With the advent of the iPhone 4's FaceTime, will the social shopping movement finally take hold?
For many years, companies have created technologies to allow "social" or "group" shopping experiences. Some technologies allow users to browse websites together online (from geographic distances), chat with others who are browsing the same Web page as they are, or easily share products with friends. In my opinion, none of these technologies (designed to mimic shopping with a friend at a store) really took off the way they were intended. Online shopping still tends to be a solo venture. Shopping offline (at a real store), however, continues to be a group activity. The advent of multimedia messaging service (MMS) and e-mail on phones has enabled customers to quickly e-mail their friends or text them photos of products. Visual recognition software has allowed potential customers to take photos of products and see competitive prices via apps from Amazon and Barnes & Noble.
With the iPhone 4, another advancement is potentially being made. As I write this, we're still a day away from the launch of the iPhone 4. But, as you read this, all those who got an iPhone 4 on the first day of its launch will already be experts in its new features. The feature that intrigues me the most is FaceTime. For those living under a rock, this is what Apple calls its video messaging system. More important than the application they supply with the iPhone is the API (define) into this system Apple is allowing developers to use. The API means that any application written for the iPhone 4 can take advantage of FaceTime and use it in a proprietary manner.
What does this mean for social shopping? While I haven't dug down into the detailed API yet, here are some initial thoughts on how retailers can harness this technology to really assist their customers. (Note: while FaceTime currently requires Wi-Fi to work, this will clearly change once AT&T cleans up its act.)
Instead of texting a photo of a product to your friend while shopping, you can open up that store's application (or a third-party application) and start a video chat. Your friend can see you in the outfit, see how the outfit "moves," and give you instant feedback on it. Using visual recognition, the application automatically recognizes the items you're wearing and puts them in your cart or wishlist. It also sends real-time information to your friend about the products and their prices, and lets your friend add them to her cart as well. Using augmented reality, your friend (and you) might see the live stream of you wearing the outfit, along with a visual overlay of product options such as alternate colors or "goes with" recommendations. Your friend can then recommend you try the top in the beige instead of red - when you hadn't realized it came in other colors.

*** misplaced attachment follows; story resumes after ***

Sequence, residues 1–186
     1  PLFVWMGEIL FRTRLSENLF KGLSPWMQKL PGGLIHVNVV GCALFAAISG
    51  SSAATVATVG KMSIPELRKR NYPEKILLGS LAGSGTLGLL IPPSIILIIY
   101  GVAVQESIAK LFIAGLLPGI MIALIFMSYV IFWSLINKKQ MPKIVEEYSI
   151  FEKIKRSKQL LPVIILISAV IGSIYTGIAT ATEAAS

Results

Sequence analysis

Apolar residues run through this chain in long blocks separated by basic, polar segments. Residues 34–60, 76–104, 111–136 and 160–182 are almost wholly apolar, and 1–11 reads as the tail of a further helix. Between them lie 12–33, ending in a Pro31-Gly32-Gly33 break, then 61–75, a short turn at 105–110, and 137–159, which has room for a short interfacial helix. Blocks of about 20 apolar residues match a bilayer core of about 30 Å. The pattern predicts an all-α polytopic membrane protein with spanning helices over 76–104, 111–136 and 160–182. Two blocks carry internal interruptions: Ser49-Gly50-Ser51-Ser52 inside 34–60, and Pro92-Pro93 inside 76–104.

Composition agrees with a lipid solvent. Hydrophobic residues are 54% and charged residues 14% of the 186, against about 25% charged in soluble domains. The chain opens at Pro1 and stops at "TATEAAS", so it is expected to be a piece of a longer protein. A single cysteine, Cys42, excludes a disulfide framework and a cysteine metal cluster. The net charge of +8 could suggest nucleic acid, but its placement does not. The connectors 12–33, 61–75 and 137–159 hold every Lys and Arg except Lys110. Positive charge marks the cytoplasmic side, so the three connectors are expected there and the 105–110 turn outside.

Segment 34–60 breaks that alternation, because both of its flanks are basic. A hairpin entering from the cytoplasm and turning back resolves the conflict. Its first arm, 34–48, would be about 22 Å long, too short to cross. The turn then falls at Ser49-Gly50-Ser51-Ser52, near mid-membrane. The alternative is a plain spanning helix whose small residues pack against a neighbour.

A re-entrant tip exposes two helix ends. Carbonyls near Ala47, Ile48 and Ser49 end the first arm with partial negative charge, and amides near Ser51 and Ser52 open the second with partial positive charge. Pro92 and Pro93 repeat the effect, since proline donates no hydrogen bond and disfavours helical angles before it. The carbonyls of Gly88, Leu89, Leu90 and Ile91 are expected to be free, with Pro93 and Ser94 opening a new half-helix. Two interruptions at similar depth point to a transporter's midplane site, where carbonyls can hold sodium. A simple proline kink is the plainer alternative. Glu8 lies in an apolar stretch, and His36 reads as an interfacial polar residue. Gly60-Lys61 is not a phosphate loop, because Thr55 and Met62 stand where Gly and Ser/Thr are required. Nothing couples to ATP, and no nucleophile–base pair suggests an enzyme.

Depending on how open the FaceTime API really is, applications can not only harness video chat from within itself, but they can start to add product intelligence using visual recognition and augmented reality, as described above. It's too early to tell if Apple's API will allow this kind of enrichment to its video technology. But, if it does, the iPhone could become a very interesting stepping stone in the social shopping movement - a movement that has failed to take hold, in my opinion, in the last 10 years of its development.
If it weren't for the fact that people are currently using other phone-enabled technologies (MMS, e-mail attachments, on-board cameras) to do this exact thing, I wouldn't even spend a moment to think of the relevancy of social shopping. But since people are finding ways to connect in this manner, using tools that weren't really intended for this purpose, it seems clear that a technology built for this purpose could easily take root. Perhaps it isn't a specific retailer who needs to create this application, but an enterprising third party. If only I had the time...
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Until next time...
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Jack Aaronson, CEO of The Aaronson Group and corporate lecturer, is a sought-after expert on enhanced user experiences, customer conversion, retention, and loyalty. If only a small percentage of people who arrive at your home page transact with your company (and even fewer return to transact again), Jack and his company can help. He also publishes a newsletter about multichannel marketing, personalization, user experience, and other related issues. He has keynoted most major marketing conferences around the world and regularly speaks at Shop.org and other major industry shows. You can learn more about Jack through his LinkedIn profile.
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